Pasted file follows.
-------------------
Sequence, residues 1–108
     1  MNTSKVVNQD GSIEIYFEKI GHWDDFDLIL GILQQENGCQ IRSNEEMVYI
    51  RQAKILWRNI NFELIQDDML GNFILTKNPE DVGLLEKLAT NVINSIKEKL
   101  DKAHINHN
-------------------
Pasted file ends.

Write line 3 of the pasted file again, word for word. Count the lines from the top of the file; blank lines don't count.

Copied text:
    51  RQAKILWRNI NFELIQDDML GNFILTKNPE DVGLLEKLAT NVINSIKEKL